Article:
Workstation Market Revitalized in 2005, States Jon Peddie Research Workstation Report

• AMD's platform share more than doubles, but Intel not suffering—at least not yet

• Dell and Nvidia dominate, but HP and ATI threaten

Robert Dow

TIBURON, CA—October 12, 2005—This year is shaping
up to be a solid year for the workstation and professional graphics
market, Jon Peddie Research reports in the latest installment of its
Workstation Report series, providing the most in-depth look at the fast-changing
landscape for professional computing markets and technologies. Workstation
vendors shipped 503.8 thousand branded workstations in the second quarter
of 2005, accounting for almost $1.3 billion in revenue. That bodes well
for the year, which promises to deliver growth in total revenue, bucking
the declines of recent years.

Dell continues to dominate the workstation market with a share of about
43%, and HP follows, recently narrowing Dell’s lead slightly.
Lenovo has jumped directly to the #3 position, thanks to picking up
ThinkPad-branded mobile workstations from IBM. IBM, Sun and Fujitsu-Siemens
round out the top six.

Average Selling Price (ASP) stabilizing

Not only is the revenue picture looking healthy for 2005, but perhaps
most heartening to vendors is that ASPs for x86-based machines are stabilizing
after a long downtrend, even modestly increasing in some spaces. “With
more favorable economic conditions, workstation customers are catching
up on their replacement cycles, spurred on by recent technology introductions,”
said author and JPR analyst Alex Herrera.”Features like dual-core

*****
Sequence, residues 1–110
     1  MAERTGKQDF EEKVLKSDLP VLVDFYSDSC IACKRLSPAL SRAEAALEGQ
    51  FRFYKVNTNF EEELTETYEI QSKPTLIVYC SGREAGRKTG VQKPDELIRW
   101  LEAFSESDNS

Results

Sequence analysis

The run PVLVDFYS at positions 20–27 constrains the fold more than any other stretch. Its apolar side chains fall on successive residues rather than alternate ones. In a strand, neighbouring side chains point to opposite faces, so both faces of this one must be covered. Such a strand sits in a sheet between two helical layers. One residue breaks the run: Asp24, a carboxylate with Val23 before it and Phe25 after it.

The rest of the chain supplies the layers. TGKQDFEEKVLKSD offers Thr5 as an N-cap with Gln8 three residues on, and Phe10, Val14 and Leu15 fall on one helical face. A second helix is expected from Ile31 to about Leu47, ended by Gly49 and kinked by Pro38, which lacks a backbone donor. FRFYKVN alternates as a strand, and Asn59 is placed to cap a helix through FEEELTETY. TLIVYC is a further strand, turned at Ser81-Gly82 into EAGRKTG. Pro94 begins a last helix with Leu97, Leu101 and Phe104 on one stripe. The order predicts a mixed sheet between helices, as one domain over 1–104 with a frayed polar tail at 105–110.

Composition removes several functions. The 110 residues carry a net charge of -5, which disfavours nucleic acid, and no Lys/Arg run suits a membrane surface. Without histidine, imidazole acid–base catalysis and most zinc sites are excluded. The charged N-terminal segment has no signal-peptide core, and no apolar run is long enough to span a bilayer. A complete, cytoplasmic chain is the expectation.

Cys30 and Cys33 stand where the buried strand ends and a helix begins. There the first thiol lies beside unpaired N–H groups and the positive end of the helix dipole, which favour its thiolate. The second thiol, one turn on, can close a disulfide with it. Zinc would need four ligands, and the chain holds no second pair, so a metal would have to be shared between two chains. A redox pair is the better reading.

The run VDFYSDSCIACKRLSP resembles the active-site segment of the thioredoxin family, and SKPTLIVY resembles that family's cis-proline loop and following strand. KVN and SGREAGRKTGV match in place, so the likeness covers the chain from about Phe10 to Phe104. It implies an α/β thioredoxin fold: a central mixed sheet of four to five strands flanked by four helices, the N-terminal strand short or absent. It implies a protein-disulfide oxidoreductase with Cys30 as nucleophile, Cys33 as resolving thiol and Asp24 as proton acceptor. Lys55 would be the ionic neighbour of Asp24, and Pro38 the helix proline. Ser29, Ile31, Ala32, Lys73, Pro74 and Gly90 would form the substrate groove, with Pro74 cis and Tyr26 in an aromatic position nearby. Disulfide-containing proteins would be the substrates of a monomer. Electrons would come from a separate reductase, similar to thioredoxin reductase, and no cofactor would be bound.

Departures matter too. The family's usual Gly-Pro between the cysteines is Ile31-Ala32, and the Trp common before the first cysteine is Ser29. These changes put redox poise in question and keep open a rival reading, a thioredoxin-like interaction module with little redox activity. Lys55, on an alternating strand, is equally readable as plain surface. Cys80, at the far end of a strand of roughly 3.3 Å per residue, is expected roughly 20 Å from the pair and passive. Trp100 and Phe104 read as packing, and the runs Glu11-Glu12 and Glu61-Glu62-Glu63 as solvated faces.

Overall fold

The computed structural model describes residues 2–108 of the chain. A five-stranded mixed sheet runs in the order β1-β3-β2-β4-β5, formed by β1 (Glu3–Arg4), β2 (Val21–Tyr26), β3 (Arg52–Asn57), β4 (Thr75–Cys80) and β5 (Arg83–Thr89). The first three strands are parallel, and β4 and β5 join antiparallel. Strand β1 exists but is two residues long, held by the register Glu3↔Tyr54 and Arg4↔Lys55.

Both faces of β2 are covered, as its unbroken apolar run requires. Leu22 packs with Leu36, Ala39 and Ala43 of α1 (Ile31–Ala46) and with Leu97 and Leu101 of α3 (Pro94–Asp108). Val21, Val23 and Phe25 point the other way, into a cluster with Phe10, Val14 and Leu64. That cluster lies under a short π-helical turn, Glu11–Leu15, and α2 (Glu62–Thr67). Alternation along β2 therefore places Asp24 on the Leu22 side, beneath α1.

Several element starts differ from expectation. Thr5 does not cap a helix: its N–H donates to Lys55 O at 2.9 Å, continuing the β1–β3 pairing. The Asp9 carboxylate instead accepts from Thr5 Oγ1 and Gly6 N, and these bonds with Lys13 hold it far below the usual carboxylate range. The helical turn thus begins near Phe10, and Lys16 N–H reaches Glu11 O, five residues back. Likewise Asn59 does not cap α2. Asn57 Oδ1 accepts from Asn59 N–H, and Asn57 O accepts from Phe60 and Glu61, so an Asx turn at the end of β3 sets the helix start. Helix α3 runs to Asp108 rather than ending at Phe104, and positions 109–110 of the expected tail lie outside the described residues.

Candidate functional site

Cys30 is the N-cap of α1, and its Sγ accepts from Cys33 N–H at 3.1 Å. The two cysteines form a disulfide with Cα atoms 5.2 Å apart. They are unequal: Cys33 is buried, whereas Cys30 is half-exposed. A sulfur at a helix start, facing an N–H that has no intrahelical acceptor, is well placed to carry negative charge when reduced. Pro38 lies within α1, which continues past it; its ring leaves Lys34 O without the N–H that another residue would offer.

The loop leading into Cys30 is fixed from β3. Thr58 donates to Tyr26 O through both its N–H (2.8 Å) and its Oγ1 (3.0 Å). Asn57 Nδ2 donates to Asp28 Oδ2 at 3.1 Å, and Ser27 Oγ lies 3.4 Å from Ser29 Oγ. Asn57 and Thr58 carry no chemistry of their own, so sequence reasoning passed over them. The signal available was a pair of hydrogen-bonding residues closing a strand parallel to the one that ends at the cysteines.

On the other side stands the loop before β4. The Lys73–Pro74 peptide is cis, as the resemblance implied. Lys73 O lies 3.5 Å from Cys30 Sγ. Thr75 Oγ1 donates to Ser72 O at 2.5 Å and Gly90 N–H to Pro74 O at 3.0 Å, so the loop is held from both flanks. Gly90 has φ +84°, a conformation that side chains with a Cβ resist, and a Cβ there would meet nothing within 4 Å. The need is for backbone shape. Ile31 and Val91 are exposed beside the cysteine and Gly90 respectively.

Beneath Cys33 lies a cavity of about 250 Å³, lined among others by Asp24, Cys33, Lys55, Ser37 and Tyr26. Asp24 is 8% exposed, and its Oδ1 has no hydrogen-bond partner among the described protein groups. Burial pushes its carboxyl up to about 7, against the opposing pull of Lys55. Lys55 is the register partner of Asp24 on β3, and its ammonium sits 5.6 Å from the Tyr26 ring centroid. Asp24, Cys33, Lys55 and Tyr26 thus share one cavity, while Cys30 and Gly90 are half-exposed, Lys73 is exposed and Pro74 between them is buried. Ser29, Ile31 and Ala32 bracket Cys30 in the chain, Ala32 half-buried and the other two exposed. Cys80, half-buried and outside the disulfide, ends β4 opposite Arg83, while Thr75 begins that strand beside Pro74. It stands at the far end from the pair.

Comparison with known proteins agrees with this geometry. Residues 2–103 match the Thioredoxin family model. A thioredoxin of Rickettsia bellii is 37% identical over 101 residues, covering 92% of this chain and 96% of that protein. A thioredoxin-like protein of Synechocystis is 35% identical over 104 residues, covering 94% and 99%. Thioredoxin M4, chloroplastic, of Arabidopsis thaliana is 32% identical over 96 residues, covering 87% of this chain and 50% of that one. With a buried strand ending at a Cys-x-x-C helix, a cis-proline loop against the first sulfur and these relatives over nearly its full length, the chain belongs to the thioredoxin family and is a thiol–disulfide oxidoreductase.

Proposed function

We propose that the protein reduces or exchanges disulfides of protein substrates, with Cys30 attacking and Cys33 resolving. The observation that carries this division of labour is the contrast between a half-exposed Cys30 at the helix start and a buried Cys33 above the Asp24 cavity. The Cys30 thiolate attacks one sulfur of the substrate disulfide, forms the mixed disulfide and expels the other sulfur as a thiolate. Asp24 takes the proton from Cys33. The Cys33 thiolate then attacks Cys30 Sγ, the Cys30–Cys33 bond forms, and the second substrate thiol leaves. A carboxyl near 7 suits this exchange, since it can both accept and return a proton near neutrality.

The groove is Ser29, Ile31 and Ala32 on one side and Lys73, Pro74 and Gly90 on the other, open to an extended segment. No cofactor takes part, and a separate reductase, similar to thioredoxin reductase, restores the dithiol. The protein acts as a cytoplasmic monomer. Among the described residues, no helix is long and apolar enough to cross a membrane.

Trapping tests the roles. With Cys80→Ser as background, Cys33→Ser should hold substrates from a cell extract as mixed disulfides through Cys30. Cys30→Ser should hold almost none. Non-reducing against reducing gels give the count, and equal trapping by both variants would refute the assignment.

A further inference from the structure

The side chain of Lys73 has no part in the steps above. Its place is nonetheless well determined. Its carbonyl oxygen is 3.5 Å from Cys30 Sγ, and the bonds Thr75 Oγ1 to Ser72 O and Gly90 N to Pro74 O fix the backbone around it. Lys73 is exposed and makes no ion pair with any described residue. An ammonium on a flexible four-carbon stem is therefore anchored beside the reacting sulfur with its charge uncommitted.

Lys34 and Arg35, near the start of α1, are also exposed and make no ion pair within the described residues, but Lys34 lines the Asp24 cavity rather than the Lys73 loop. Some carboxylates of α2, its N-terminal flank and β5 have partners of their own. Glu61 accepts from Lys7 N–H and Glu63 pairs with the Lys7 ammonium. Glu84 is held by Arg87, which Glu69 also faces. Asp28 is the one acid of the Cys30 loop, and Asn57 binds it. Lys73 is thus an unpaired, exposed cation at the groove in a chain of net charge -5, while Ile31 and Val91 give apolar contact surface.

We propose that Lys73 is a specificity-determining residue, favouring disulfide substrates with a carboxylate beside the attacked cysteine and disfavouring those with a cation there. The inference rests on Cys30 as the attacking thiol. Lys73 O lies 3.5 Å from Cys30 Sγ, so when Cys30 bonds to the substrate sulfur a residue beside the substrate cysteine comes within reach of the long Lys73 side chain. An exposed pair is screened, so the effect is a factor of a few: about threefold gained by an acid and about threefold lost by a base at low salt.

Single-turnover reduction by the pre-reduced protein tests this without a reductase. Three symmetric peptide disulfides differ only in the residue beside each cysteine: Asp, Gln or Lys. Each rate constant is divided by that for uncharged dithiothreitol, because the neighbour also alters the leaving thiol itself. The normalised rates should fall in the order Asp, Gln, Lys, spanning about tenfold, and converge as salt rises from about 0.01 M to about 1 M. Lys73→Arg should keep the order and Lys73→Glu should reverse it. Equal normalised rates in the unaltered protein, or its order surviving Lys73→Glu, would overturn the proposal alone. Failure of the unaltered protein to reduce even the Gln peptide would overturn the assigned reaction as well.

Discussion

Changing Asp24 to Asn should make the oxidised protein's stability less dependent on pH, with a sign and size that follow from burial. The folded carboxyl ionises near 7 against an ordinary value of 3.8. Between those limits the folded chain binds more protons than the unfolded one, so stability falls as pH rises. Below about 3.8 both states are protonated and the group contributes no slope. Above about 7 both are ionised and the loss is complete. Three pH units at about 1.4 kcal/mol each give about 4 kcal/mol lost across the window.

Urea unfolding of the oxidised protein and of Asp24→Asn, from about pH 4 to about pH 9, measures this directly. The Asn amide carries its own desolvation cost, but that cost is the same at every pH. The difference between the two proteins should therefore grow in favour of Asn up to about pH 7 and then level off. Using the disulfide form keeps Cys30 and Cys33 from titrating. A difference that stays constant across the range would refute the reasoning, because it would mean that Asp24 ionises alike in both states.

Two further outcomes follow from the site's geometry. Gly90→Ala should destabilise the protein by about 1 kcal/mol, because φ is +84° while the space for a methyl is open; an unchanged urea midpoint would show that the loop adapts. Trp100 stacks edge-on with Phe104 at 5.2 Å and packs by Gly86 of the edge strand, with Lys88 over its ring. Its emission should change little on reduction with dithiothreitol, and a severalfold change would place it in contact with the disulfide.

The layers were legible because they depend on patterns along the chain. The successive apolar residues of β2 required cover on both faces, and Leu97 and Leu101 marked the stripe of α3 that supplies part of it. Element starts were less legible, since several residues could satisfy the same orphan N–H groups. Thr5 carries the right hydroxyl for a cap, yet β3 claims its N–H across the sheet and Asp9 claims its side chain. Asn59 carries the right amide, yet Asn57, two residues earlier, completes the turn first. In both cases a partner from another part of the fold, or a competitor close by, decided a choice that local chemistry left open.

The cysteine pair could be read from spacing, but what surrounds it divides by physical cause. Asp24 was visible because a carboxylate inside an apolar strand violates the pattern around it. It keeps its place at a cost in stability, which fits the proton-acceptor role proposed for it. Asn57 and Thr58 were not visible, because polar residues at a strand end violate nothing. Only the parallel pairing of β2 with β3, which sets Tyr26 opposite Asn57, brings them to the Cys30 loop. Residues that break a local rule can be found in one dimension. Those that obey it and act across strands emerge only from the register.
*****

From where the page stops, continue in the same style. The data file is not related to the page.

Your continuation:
processors and 64-bit enhancements are showing up in the higher premium
platforms, supporting ASPs and boosting revenue.”

Big growth numbers for AMD, but not necessarily spoiling Intel’s

After signing on major OEMs in the past 18 months, AMD’s Opteron processor
penetration into workstations is growing strongly, roughly doubling
its share over the past three quarters.

But while that’s certainly welcome news for AMD, the company
still commands less than 2% of the overall market, with Intel’s
triumvirate of Pentium, Pentium M and Xeon shipping in roughly 93% of
all machines.

“Despite Opteron’s current advantages over Xeon, AMD’s gains
are not necessarily coming at Intel’s expense,” Herrera notes.
“We’ve seen Xeon’s share drop a bit, but overall Intel’s share
has stayed generally flat. And we’re seeing a good chunk of Opteron
sales going into spaces previously dominated by traditional proprietary
platforms like Sun’s UltraSPARC, HP’s PA-RISC, and IBM’s Power.”

Shifting ground in professional graphics

JPR also reported that over 633 thousand units of branded professional
graphics hardware shipped in the second quarter, yielding $240 million
in revenue. ATI and 3Dlabs continue to jostle for market share, but
it’s Nvidia’s Quadro brand that still dominates, commanding 69% of the
units and over 73% of revenue. While ATI has seen a surge in its lower-end
products thanks to major OEM wins, Nvidia’s results are most noteworthy
in the upper end of the market, where higher prices are yielding substantial
revenue, despite lower volumes.